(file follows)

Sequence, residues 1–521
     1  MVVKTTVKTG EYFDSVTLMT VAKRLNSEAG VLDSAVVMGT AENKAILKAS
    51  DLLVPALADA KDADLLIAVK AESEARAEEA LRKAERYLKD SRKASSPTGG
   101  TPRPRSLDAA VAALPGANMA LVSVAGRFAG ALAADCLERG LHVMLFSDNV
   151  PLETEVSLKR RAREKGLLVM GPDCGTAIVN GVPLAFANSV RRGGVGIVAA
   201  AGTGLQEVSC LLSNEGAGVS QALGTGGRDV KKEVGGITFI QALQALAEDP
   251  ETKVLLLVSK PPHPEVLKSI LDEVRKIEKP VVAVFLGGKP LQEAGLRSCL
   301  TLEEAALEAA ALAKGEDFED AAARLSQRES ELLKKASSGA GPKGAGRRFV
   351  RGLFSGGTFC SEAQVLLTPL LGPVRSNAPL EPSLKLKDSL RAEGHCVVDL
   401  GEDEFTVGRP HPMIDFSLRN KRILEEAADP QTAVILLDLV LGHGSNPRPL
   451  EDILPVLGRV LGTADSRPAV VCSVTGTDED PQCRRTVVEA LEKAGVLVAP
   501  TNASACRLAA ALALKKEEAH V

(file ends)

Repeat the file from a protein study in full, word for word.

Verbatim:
Sequence, residues 1–521
     1  MVVKTTVKTG EYFDSVTLMT VAKRLNSEAG VLDSAVVMGT AENKAILKAS
    51  DLLVPALADA KDADLLIAVK AESEARAEEA LRKAERYLKD SRKASSPTGG
   101  TPRPRSLDAA VAALPGANMA LVSVAGRFAG ALAADCLERG LHVMLFSDNV
   151  PLETEVSLKR RAREKGLLVM GPDCGTAIVN GVPLAFANSV RRGGVGIVAA
   201  AGTGLQEVSC LLSNEGAGVS QALGTGGRDV KKEVGGITFI QALQALAEDP
   251  ETKVLLLVSK PPHPEVLKSI LDEVRKIEKP VVAVFLGGKP LQEAGLRSCL
   301  TLEEAALEAA ALAKGEDFED AAARLSQRES ELLKKASSGA GPKGAGRRFV
   351  RGLFSGGTFC SEAQVLLTPL LGPVRSNAPL EPSLKLKDSL RAEGHCVVDL
   401  GEDEFTVGRP HPMIDFSLRN KRILEEAADP QTAVILLDLV LGHGSNPRPL
   451  EDILPVLGRV LGTADSRPAV VCSVTGTDED PQCRRTVVEA LEKAGVLVAP
   501  TNASACRLAA ALALKKEEAH V